I do think they have a form of intimacy, even if it is by necessity, and that’s why Colm is mean to Padraic, and not the others. He’s disappointed and hurt that he still won’t listen when he needs it, and I think he gives up once he confides in him, and Padraic rebukes him for not remembering that he was talking about his pony’s shit.
Is that what a friend does? Do they burn down your house and leave you to die when you kill their baby donkey by accident? Maybe I’m lucky, but that’s not reflective of any friendship I’ve ever had.
I did not. They’re obviously not on good terms anymore, but they have a shared history that can’t be broken. They will forever be some part of each other’s lives, as will the bad blood between them. This is, not coincidentally, what happens when civil wars go cold.
Hey, I’m not the one arguing against the canonical interpretation of the movie. That’s true here on QT3 as much as it was in the wider world of film reviews. It’s even been dismissed as “mere” allegory, which I think is a bit harsh, especially after some of the insights you’ve teased out.
I don’t think you’re wrong about a lot of the details, but I do think they function more in service of that interpretation.
Predominant, if you prefer. Anyhow, I assume it’s fairly self-evident if so many people thought the same thing independently, which leaves the onus on anyone arguing against that interpretation to provide proof that it’s not anything more than a background detail.
For my part, I’m feeling a bit Colm about dissecting this movie any further, but I appreciate the insights. I’m not convinced they contradict the allegorical interpretation, but they do enrich it.
It’s interesting googling the movie and Irish history and seeing more than a few articles by (I presume) Irish writers saying Martin McDonagh doesn’t know a thing about Ireland or Irish history. Are they right? I can’t say!
There were a few stereotypes that I could identify even without being Irish.
The conversation between Colm and the priest about being gay. It’s long been said that in Catholic countries, if the male children seemed a little too interested in the same sex, they’d be sent off to seminary, because being gay isn’t a sin as long as you’re celibate, and I’m almost sure that that’s the implication Colm is making when they’re having that conversation.
The other one (maybe?) is the shopkeeper who rejoices at the idea of Dominic being beaten by his father. Obviously we’ve all heard stories about how Irish society chose not to see the abuse being leveled against single mothers and children in the past.
I’m not sure it’s there to critisize Ireland, I really didn’t get any kind of vibe like that from the movie. I think it’s there, as to @ArtVandelay’s point, to show that Inisherin is a fricken hard place, and if you are going through anything emotional, you have little hope for sympathy or understanding from anyone . That observation is what helped the movie click for me the second time around, so thanks for that @ArtVandelay!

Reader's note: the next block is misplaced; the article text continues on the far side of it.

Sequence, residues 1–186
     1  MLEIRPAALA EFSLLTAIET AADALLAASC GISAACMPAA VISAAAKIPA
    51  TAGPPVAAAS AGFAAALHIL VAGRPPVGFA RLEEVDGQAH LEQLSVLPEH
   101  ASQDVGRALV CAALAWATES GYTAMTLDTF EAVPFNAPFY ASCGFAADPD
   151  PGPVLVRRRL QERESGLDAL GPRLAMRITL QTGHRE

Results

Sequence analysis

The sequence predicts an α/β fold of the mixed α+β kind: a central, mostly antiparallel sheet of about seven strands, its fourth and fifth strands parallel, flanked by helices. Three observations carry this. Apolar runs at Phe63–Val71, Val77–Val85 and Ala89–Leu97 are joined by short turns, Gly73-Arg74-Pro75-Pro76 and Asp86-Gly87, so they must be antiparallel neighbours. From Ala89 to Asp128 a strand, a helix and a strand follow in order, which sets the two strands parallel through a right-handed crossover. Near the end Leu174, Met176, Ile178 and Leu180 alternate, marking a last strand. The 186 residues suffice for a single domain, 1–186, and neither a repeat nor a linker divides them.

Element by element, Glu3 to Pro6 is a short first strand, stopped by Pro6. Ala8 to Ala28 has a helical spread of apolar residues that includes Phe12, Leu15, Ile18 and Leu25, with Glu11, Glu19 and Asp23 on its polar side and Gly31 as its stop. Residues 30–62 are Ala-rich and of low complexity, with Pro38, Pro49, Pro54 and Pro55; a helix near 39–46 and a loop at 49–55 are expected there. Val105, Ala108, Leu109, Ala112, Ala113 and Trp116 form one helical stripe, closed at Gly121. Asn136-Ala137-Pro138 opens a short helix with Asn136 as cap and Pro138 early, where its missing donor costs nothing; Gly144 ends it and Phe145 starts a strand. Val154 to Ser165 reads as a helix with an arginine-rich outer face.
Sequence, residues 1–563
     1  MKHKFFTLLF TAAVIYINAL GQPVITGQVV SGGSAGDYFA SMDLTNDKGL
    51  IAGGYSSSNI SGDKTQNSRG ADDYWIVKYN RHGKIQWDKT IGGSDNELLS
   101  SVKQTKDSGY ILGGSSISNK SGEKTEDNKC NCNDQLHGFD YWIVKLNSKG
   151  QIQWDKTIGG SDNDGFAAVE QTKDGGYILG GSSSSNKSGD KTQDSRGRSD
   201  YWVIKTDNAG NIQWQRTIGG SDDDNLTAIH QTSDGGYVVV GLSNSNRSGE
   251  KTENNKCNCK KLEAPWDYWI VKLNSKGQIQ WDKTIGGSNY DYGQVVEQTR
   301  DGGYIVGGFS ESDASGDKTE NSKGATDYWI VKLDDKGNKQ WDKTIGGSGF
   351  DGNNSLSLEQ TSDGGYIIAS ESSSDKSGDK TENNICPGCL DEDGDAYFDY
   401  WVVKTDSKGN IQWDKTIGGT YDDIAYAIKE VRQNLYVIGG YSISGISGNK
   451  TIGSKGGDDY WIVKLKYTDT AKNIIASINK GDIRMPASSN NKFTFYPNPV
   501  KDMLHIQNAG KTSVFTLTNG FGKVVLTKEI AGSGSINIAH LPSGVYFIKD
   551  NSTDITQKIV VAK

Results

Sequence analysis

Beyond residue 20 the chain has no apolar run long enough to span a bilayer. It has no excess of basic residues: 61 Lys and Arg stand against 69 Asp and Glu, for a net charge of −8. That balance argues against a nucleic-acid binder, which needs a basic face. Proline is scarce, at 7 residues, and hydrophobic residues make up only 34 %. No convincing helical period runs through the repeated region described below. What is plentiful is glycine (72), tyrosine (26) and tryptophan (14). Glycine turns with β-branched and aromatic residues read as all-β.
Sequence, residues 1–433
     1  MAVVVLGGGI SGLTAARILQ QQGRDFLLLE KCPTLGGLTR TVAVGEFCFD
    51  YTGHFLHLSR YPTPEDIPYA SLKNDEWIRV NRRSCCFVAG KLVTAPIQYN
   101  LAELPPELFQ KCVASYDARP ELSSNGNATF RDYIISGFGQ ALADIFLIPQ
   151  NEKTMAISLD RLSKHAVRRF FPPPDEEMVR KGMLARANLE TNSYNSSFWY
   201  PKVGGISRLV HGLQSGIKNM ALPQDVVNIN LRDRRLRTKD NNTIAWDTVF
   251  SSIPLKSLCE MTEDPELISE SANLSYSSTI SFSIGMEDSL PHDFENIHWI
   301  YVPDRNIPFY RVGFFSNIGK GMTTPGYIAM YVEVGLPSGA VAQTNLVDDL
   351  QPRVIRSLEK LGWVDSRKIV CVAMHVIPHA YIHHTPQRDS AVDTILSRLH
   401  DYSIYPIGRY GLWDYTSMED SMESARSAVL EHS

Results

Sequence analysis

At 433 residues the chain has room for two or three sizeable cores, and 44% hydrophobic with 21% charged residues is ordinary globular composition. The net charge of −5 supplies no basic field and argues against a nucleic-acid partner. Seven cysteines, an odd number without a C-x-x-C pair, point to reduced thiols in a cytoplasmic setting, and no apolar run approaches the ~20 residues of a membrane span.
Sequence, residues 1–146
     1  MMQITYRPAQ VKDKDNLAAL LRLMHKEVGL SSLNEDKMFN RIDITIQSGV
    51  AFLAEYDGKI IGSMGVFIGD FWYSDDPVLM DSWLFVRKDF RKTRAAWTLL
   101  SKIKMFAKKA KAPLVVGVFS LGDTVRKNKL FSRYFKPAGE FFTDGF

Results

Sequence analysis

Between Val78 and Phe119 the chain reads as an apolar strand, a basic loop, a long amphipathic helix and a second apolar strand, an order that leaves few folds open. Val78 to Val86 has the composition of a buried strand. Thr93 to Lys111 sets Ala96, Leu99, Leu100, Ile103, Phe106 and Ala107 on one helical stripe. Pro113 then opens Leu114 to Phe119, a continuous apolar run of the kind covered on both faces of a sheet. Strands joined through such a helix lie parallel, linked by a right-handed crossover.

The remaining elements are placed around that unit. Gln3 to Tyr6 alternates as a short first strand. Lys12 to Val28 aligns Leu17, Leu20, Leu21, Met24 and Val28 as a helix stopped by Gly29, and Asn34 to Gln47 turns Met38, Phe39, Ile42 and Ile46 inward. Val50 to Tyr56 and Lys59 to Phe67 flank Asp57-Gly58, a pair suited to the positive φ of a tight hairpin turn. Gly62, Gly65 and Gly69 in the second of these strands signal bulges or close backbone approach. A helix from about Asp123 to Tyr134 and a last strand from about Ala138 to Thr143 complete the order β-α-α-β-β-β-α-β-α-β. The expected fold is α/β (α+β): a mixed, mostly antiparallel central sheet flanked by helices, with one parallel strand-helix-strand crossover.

I figured it was less that they don’t have sympathy so much as that thing in small, tight communities where people know they’re all ultimately stuck together so they try their best to avoid conflict. But maybe they are just hard, Siobhan seems to think so.
It surely is. The donkey is one death. The dog might also have died - I think someone mentions that Padraic might kill it, but at the end he not only spares the dog but ensures that it doesn’t die together with it’s master. It was already established that the dog cares a lot for Colm, when he tries to drag the shears away, so there’s a good chance that it would have died trying to get him to leave the house.
Yeah, I’m honestly not sure what it is, I just put it down as “old timey Irish hardness”, but that’s ultimately what helped me see the island from Colm’s perspective. It’s not a good place to be sad :)
It’s a fair read. Obviously the big question then is “Do animals count?” and if so for how much. If a miniature donkey only counts for half, has that confused Mrs McCormick’s death radar?
The reason I have it down as a macguffin is that she specifically mentions Padraic and Siobhan, and I see that as an attempt to make me fear for Siobhan. I know she’s going on a boat, and that makes me very anxious, and once Siobhan doesn’t die, it also makes me fear for Colm and Padraic in the final confrontation, so it creates stakes for those scenes that would otherwise not be there.
You could well be right, but I’m not sure it has deeper meaning within the movie, which makes me feel duped, because it’s in the title.
When Colm talks about banshees, I don’t think he’s talking about banshees, I think it’s like a rorschach test where his response describes his state of mind in that moment.